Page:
Andy Warhol's first one-man art exhibition
His first one-man art-gallery exhibition as a fine artist was on July 9, 1962, in the Ferus Gallery of Los Angeles.
The exhibition marked the West Coast debut of pop art. Andy Warhol's first New York solo Pop exhibit was hosted at Eleanor Ward's Stable Gallery November 6-24, 1962. The exhibit included the works Marilyn Diptych, 100 Soup Cans, 100 Coke Bottles and 100 Dollar Bills. At the Stable Gallery exhibit, the artist met for the first time John Giorno who would star in Warhol's first film, Sleep, in 1963.
Warhol has his first real show of real art - at Irving Blum's Ferus Gallery on La Cienega Boulevard in West Hollywood. It features his series of 32 different canvases of Campbell's soup cans. Five of the canvases sell for $100 each, but Blum buys them back to keep the set intact (a year after Warhol's death Blum is offered $10m for the paintings. They are currently on permanent loan to the National Gallery of Art, Washington DC).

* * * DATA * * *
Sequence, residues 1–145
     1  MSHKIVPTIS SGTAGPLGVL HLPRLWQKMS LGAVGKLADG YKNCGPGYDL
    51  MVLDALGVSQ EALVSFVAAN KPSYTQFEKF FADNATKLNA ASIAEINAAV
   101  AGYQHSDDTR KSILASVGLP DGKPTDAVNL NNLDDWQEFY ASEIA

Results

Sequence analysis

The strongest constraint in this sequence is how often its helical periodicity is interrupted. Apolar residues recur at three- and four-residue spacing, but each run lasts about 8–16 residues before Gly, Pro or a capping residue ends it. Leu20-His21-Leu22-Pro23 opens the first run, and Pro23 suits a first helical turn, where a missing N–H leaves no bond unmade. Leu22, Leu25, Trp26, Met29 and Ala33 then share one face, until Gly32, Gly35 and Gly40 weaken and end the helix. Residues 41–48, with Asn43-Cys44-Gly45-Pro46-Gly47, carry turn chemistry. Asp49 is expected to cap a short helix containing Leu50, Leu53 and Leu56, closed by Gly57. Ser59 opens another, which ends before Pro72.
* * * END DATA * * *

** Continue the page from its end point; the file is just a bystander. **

JULY 9 - AUGUST 4, 1962: ANDY WARHOL HAS HIS FIRST SOLO POP EXHIBITION.
The exhibition at Irving Blum's Ferus Gallery on La Cienega Blvd. in West Hollywood featured Warhol's series of 32 different canvases of Campbell's soup cans. A nearby supermarket piled up real Campbell's soup cans in their window, advertising them as "the real thing for only 29 cents a can."
Six of the Warhol paintings were sold for $100 each. The buyers included Don Factor, Betty Astor, Ed Jans and Bob Brown. Blum ended up getting the buyers to relinquish their ownership so that he could get keep the set together, and bought the entire series for $1,000.00 from Warhol, paying him $100.00 a month. (PS219) A year after Warhol died, Irving Blum was offered $10 million for the paintings. They are currently on permanent loan to the National Gallery of Art in Washington, D.C.